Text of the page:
frequencies in the field area improving vertical seismic resolution and helped to define the reservoir with greater accuracy.
An acoustic impedance inversion of the VSP trace was later obtained, and its interpretation was very useful to predict impedance variations, related to lithology and formation changes in the deeper portion of the stratigraphic column. This was the first deep exploratory well (4750 meters) in this part of the basin, so the implemented technique led to define deep formation tops.
The acquisition was performed by Schlumberger using the multilevel 3C high-fidelity downhole tool, Versatile Seismic Imager (VSI). It was used two vibrators simultaneously in flipflop configuration for both source positions in order to reduce the operational time.
In this paper we describe the objectives, methodology and results of a Borehole Seismic Job performed in an exploratory well, YPF.Nq.LoAm.x-1 (Loma Amarilla), La Banda Block, Neuquén Basin. This block is entirely covered by volcanics from Auca Mahuida Igneous Complex. At the well location it was estimated 100 to 150 meters of surface volcanics.
So that, in this area, the 3D seismic volume acquired in 2003, presents a poor to fair signal to noise ratio; and low frequency content (Fmax ˜40 Hz). Fig. 1.
The main targets of this project were two igneous bodies, intruded as sills; the deeper one in Cuyo Gr.; and the shallower in the Vaca Muerta shales.
Fig 1: Visualization of Borehole, 3D Seismic, Satellite Image and Topography.
The presence of basalts in the area is affecting the recovery of high frequencies reflected in the subsurface; for this reason, surface seismic is very poor in terms of resolution and it is expected that the image obtained through the OVSP helps in the interpretation of the area. The job was planned in 2 phases, intending to acquire a ZVSP from surface to 2480m in the first phase, for the second phase a ZVSP from 2480m to 3580m and also an OVSP. The first VSP data was used to calibrate the model and determine the best position for the OVSP (based on survey design). In the second phase, Q factor was estimated using ZVSP, a migrated image was obtained
from the OVSP, and an Acoustic Impedance Inversion was performed using the ZVSP. Finally, all the information was merged to obtain a complete time-depth relationship, corridor stack and Q factor estimation.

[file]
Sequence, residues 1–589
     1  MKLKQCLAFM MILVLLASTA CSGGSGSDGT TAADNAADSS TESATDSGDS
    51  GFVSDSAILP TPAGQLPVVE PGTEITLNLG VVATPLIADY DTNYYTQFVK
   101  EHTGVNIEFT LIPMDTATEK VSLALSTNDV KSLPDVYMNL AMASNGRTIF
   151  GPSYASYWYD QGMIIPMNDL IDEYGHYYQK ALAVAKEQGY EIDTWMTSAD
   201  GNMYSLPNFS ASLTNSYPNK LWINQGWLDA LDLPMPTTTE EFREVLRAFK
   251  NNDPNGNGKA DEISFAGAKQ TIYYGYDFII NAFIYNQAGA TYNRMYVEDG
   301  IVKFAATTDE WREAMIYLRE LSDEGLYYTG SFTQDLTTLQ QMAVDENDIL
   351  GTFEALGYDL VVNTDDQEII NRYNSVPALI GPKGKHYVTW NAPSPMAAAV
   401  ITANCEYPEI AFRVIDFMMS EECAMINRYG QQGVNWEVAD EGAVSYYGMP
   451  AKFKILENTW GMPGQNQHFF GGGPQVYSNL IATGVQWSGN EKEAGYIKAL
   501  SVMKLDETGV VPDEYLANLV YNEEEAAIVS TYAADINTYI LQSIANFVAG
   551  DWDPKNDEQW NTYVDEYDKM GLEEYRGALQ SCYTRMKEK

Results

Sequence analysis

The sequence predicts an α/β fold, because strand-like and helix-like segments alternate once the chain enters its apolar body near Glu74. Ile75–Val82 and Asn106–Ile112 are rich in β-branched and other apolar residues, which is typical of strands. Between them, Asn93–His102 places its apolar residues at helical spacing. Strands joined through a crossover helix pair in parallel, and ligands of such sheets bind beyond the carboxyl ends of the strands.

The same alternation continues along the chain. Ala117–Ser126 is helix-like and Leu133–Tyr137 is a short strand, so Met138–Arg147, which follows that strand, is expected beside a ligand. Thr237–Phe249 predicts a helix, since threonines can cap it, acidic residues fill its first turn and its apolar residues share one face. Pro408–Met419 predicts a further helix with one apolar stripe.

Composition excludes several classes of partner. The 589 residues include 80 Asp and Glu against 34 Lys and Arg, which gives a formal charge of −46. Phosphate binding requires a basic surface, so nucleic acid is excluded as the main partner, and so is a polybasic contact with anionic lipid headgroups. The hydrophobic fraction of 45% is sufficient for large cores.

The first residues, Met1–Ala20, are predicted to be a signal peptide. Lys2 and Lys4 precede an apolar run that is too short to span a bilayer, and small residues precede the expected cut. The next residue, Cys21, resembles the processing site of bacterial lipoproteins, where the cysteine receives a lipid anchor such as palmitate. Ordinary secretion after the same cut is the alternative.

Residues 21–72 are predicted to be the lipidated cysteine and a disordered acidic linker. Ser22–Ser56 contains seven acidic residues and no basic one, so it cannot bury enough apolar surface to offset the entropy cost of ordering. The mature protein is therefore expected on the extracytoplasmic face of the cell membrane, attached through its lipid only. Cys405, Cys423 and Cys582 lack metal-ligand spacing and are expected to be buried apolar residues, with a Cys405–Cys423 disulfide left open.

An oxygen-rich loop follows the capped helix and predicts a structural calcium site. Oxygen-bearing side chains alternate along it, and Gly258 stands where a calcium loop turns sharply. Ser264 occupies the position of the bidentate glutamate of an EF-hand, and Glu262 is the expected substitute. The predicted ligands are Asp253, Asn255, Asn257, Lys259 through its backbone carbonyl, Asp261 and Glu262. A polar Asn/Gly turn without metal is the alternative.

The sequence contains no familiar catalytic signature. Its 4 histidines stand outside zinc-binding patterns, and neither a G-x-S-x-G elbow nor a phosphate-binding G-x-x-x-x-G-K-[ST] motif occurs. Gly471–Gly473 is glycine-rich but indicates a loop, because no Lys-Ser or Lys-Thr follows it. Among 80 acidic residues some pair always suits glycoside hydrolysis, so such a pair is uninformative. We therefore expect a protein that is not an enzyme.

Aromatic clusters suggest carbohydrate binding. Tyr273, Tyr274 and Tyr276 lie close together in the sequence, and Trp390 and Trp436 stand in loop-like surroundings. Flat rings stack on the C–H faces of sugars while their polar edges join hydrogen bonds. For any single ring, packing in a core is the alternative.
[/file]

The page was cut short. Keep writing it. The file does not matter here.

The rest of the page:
Artificial neural networks are becoming increasingly popular in the oil and gas industry. In the past, studies have been done on the use of artificial neural networks in reservoir characterization, field development and formation damage prediction, to name a few. The aim of this study is to provide guidelines to successfully develop and train an artificial neural network (ANN) that will predict reservoir properties that can give an improved history match when input into a reservoir simulation model. An ANN was developed to improve the history match with a ‘small' number of simulation runs for a reservoir that produced oil, gas and water for a period of ten years. Due to a lack of specific protocols for this type of study, the trial and error process was utilized to establish guidelines and suggestions.
The neural network was developed by using an inverse solution method to formulate the training and testing data. Normalization of the data simplified the neural network, improved its effectiveness and enhanced its performance. The feed-forward network with back-propagation and the hyperbolic tangent sigmoid function (tansig) in the hidden layers of the network proved to be most effective in the training/learning process.
Results indicated that functional links and eigenvalues of various system related matrices were effective in the training/learning process. These provided the network with the necessary connections that linked the inputs to the required outputs. It was necessary to input production differences between the historical and simulated performances at specific times to successfully train the network and predict realistic property values for the reservoir. Data structure and production time intervals influenced the training time as well as the accuracy of the predictions. If time intervals were too short, training times were longer, memorization occurred, and the network could not accurately predict the reservoir's properties. Most of the effective functional links that were successful in the training/learning process included relationships between permeability and other factors such as porosity, areas of the regions in the reservoir and the distances from the producer to the boundaries of the reservoir.
The M4.1 reservoir in the Tahoe Field located in the Gulf of Mexico was used as a case study to illustrate the use of ANNs in decreasing the amount of numerical reservoir simulations required to obtain an improved history match. The effective parameters, obtained from network development, were applied to data from the M4.1 reservoir simulations to determine which functional links and architecture would be most effective in training the network. It was observed that some of the functional links and network structures that were effective in network development were also effective in the ANN developed for the M4.1 reservoir while some were not.